Almost a month ago, I posted on a missionary couple serving in the West African Ghana Mission. I have received another update email that I wanted to share. It has some moving stories of service, humility, and some great Saints out there in a far away place in The Kingdom. They also forwarded some photos that I will post as well. The email is immediately below:
We are having incredible experiences on our mission. It seems each day we go from one uplifting experience to another. When we worked at the temple we felt uplifted the entire week we were there. Now, in Ghana, we feel this way all the time, only more so. What a privilege it is to serve a mission. What a thrill it is to work with the wonderful Ghanian people and the exceptional cadre of dedicated missionaries assigned here. This mission is the best experience I’ve ever had in the church, and I’ve had some pretty good ones.
Ghana is such a unique place. People are humble and hungry for the gospel. Some, like a blind man the other day, come up and ask us to teach them the gospel. There is never a lack of investigators. There is a constant stream of spiritual, priceless moments that bless our lives.
Malaria continues to be a big problem here. Our missionaries are no exception. We frequently get calls from elders who have malaria and need treatment. Two days ago we got a brand new elder from Idaho Falls. Like us, he is assigned to the villages. The next day came down with malaria. The following day he became much worse and we checked him into the hospital. After an overnight stay with an IVand medication, he improved enough to be released. So far we’ve been spared from malaria. The mosquitos that carry the disease are mostly out at night so we try to be in by nightfall.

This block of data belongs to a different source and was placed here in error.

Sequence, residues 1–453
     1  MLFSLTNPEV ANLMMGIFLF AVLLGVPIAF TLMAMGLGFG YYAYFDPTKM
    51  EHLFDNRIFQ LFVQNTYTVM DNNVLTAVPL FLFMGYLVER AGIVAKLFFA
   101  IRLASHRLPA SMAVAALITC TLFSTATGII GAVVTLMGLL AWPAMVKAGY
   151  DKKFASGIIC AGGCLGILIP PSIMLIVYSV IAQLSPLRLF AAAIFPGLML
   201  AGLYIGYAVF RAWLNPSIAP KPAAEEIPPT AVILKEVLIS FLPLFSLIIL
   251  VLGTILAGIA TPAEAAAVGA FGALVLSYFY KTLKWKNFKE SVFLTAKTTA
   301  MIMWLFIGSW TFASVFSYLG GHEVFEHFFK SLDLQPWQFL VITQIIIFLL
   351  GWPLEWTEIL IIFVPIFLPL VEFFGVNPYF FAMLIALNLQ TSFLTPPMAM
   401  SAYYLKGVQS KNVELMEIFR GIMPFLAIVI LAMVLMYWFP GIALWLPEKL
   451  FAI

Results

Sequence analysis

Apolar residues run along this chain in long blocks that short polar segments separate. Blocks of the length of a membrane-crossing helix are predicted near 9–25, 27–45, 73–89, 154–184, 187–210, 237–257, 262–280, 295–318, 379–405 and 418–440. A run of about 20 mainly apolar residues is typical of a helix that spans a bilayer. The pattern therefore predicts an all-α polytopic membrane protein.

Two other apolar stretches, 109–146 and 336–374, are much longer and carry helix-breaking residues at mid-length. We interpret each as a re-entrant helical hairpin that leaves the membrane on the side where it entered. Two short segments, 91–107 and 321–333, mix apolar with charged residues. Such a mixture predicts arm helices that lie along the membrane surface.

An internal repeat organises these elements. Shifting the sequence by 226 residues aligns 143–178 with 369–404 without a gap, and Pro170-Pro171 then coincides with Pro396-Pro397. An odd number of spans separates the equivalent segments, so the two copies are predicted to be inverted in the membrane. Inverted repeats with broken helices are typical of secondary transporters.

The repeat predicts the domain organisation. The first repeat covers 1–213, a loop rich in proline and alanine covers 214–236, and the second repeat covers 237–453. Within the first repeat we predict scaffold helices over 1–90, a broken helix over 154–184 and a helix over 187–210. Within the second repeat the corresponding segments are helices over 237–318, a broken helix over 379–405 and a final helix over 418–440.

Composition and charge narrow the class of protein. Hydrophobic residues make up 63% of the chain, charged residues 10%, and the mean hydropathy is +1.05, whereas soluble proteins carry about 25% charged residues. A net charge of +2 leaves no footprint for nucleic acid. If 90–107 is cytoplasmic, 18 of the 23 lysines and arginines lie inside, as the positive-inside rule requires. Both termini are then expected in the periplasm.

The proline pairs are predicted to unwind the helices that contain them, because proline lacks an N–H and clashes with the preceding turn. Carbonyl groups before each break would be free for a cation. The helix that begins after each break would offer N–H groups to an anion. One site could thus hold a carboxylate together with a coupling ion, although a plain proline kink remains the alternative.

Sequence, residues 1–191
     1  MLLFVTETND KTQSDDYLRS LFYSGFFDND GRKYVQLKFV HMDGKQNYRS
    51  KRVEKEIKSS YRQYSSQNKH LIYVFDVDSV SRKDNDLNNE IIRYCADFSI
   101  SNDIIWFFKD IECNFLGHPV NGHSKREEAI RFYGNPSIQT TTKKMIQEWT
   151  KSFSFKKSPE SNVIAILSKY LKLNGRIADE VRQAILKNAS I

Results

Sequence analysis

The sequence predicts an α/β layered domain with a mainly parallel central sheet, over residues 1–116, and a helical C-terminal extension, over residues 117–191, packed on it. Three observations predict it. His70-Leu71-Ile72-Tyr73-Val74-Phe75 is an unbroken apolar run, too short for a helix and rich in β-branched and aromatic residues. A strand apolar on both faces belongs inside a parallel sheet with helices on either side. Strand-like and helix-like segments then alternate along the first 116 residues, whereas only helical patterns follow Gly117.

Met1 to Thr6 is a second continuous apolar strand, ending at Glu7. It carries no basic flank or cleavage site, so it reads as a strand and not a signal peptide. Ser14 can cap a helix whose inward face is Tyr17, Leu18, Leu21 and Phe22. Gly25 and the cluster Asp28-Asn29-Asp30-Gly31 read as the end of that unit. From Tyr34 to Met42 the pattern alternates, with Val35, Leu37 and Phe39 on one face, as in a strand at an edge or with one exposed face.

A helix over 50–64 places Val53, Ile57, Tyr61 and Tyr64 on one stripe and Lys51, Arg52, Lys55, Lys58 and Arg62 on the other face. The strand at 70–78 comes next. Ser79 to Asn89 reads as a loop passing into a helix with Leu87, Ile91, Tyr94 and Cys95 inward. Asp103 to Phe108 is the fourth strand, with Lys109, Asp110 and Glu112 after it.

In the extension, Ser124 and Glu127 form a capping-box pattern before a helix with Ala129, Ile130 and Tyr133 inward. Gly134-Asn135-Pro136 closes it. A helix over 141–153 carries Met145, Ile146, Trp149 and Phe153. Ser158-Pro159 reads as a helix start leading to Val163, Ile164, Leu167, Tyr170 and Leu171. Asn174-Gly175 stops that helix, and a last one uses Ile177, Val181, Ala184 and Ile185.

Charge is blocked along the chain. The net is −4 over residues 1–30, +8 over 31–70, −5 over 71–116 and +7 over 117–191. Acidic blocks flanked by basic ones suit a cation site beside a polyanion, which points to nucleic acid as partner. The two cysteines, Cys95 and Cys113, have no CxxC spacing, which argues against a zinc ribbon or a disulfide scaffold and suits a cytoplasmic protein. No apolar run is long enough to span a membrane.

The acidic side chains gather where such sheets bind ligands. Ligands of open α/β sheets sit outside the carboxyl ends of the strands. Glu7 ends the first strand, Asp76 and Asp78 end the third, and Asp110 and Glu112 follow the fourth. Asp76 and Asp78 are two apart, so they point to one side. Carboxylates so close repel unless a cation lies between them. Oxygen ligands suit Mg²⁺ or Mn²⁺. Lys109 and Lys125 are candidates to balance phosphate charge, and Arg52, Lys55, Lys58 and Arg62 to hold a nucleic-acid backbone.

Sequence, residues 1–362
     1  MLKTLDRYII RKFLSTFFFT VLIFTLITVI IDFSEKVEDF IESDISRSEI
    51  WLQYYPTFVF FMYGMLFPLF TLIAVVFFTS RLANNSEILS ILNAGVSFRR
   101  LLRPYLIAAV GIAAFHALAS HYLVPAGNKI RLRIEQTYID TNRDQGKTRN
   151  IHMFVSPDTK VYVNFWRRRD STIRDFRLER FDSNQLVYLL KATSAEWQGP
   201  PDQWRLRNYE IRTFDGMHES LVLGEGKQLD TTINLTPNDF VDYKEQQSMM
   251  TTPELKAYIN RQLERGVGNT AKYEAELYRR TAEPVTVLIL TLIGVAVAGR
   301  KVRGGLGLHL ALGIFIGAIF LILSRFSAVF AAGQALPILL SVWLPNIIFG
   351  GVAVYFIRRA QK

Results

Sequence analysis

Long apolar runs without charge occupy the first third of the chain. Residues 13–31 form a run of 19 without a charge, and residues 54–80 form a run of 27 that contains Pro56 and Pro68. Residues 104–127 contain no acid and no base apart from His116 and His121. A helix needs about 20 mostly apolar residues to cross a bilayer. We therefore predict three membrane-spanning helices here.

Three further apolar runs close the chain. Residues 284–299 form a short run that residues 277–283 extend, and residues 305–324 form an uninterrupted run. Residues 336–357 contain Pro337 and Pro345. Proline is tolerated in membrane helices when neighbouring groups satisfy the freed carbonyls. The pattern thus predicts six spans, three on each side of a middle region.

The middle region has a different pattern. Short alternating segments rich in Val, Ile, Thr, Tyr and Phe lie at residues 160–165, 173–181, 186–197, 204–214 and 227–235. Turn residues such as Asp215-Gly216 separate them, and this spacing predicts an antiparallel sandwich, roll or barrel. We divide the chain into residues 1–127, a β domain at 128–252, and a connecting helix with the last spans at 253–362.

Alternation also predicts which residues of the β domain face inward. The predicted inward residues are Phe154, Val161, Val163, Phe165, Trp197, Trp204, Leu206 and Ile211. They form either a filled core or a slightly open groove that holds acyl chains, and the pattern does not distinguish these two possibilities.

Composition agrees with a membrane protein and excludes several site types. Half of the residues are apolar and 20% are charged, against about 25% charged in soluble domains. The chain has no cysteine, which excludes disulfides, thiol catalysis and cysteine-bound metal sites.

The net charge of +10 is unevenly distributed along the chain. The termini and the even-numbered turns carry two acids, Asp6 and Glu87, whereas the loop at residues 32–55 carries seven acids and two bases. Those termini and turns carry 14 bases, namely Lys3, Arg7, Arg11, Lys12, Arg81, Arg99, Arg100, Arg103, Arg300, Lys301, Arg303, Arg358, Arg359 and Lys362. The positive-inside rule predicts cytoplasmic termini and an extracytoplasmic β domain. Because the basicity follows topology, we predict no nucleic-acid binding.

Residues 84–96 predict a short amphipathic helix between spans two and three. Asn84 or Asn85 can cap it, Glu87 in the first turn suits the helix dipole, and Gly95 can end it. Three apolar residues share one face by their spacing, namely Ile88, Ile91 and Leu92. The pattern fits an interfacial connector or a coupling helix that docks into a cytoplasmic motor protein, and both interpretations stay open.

We have grown accustomed to the life style here, and feel pretty much at home. There are still daily challenges, but with each day we become better equipped to deal with them. We savor the beauty of Africa, and the uniqueness of it’s village environs. The people here are intelligent, friendly, resourceful and helpful. They try very hard to make the church work without much experience. They are among God’s choicest children. What a privilege it is to serve them. Our service puts us into proximity with some of the finest church members I’ve ever met.
Take Michael for example, a 29 year old branch missionary. Everyday he calls us and asks what time we can pick him up to do missionary work. When we do, which is practically everyday, he stays with us all day. When we are exhausted at the end of the day, he is disappointed that we can’t continue later into the night. He knows all the nooks and crannies of Nkawkaw and we would never find our way around without him.